Powering droplet networks

Lead Research Organisation: University of Oxford
Department Name: Oxford Chemistry


Lipid bilayers, either between two droplets or between a droplet and hydrogel surface, are a useful tool for studying membrane proteins in a natural environment. These droplet - hydrogel bilayers have been used previously as a synthetic retina, where a protein called bacteriorhodopsin generated a photocurrent across a membrane upon activation by a light source which was processed and used to make a greyscale image of and object above the retina. Recently there have been remarkable advancements in this field, with a 3D droplet printer having been developed in the Bayley group which allows for the rapid printing of huge droplet networks as a tissue mimic. These can be functionalised with ion pores, enabling a current to be carried through a predetermined pattern which can then be seen as a simplistic synthetic nerve. One challenge still to be overcome in these systems is the powering of droplet networks. The project I will be working on will be just this, by utilising F1F0 ATP synthase and establishing a proton gradient, via a rhodopsin, across a lipid bilayer to create an artificial chloroplast able to power neighbouring droplets via the molecule ATP. As seen in the mitochondria, a high surface area will be needed to ensure efficient ATP synthesis, and so many lipid vesicles (measuring in the tens of nanometres in diameter) inside the droplet will be used as the scaffold to hold the two proteins. Reconstitution of the two proteins will be the one challenge, to ensure their orientation is correct, however there has been work performed previously on this. Production of ATP can be quantified either with a Luciferase assay or via the production of a fluorescent product in an ATP dependent enzymatic pathway. This energy source can be used to power active transporters for cations, resulting in a unidirectional flow of cations leading to a build of charge. This charge can be seen as a storage of energy that can be utilised at a later time. ATP also induce the production of proteins in cells, and so could be utilised in our droplet networks to induce production of proteins on demand. These proteins could have therapeutic effects or perform transformations on small molecules. While powering a droplet is one goal of this project, the main objective and novelty of the research will come from combining these "powered" droplets with the 3D droplet printer developed in the Bayley group to build functionalised networks of droplets that can respond to an external stimulus (light). This can be either through ATP transporters or via the flow of ions described previously. The biocompatibility of droplet networks is a major advantage associated with this technology. Once droplets networks have been sufficiently functionalised by both membrane proteins and cytosolic proteins one could very reasonably expect that these networks could be used in a surgical situation. For example, as a biocompatible recording device, to monitor and report the concentrations of molecules in the blood, or as a drug delivery system that is activated by light at a specific location. This project falls within the EPSRC Chemical Biology research area.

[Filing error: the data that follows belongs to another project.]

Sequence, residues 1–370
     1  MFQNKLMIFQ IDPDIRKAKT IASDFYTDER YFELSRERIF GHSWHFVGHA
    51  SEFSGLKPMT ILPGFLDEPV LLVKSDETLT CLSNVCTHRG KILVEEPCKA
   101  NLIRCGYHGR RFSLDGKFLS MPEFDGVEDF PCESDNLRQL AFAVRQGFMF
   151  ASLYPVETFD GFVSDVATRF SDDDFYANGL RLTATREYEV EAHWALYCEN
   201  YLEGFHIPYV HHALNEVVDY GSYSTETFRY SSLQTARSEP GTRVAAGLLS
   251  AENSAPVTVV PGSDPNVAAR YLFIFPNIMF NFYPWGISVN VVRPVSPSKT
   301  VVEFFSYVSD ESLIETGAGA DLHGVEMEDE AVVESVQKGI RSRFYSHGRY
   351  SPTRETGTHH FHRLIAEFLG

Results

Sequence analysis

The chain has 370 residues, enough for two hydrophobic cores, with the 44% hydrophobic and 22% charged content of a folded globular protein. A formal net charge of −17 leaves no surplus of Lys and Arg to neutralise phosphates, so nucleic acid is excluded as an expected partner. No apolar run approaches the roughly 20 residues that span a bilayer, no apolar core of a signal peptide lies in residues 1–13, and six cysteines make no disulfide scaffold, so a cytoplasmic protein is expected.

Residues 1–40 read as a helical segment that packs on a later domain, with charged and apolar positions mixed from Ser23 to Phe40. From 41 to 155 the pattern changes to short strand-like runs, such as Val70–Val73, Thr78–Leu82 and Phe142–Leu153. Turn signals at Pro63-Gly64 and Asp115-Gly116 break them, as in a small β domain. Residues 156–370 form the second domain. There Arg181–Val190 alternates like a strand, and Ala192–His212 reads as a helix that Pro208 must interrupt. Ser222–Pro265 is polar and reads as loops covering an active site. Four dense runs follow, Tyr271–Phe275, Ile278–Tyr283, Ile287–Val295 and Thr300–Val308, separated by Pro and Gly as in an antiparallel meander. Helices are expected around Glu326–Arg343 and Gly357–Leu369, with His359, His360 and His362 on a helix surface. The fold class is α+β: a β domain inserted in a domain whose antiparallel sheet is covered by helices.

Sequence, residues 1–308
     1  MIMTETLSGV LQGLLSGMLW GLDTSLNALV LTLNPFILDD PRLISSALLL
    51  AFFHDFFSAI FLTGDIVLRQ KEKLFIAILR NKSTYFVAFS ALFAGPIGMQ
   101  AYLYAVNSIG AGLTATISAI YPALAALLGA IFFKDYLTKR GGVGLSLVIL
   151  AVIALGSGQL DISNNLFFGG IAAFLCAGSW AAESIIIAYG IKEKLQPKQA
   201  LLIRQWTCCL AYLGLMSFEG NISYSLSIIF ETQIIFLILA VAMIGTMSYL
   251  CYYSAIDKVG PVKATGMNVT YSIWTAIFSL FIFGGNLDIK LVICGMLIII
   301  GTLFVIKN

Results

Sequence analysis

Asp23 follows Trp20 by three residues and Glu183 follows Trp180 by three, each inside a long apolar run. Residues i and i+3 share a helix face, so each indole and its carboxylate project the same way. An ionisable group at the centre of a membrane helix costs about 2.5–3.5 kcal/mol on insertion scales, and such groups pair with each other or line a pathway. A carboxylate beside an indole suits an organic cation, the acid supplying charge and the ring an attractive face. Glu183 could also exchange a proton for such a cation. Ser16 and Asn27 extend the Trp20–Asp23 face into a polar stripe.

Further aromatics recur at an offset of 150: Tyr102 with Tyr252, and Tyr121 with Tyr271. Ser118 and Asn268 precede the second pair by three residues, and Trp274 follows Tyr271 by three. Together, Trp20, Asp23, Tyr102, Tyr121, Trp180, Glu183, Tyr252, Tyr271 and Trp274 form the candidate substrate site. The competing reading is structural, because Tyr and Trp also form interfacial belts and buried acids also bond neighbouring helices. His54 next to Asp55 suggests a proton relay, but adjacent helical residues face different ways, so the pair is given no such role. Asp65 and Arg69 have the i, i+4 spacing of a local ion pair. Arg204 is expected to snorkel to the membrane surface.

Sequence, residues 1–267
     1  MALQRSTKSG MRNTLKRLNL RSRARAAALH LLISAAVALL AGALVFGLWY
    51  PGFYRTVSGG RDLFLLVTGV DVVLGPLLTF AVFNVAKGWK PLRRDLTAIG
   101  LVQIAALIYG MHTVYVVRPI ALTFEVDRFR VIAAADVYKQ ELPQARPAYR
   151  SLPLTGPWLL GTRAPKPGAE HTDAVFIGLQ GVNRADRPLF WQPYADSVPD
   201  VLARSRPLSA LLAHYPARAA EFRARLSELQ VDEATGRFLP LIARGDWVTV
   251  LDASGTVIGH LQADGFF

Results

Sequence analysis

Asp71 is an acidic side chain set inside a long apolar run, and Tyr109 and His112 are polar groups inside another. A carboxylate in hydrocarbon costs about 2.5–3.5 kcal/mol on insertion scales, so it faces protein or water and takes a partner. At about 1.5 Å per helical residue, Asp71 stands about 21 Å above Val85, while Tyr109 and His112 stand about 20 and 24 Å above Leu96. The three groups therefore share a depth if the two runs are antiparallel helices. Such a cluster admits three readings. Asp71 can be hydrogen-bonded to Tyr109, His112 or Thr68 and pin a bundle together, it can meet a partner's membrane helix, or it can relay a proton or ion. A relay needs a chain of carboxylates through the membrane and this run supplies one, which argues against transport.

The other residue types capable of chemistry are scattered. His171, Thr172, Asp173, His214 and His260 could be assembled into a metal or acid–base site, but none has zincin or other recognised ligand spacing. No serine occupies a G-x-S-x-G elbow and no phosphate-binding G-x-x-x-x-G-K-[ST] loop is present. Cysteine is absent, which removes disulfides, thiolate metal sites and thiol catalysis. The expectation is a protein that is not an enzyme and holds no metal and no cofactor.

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Studentship Projects

Project Reference Relationship Related To Start End Student Name
EP/N509711/1 01/10/2016 30/09/2021
1947286 Studentship EP/N509711/1 01/10/2017 30/09/2020 Matthew Thomas Cornall
Description Synthesised ATP via proteoliposomes and used these to power biological reactions in artificial tissues.
Exploitation Route Drug delivery
Sectors Pharmaceuticals and Medical Biotechnology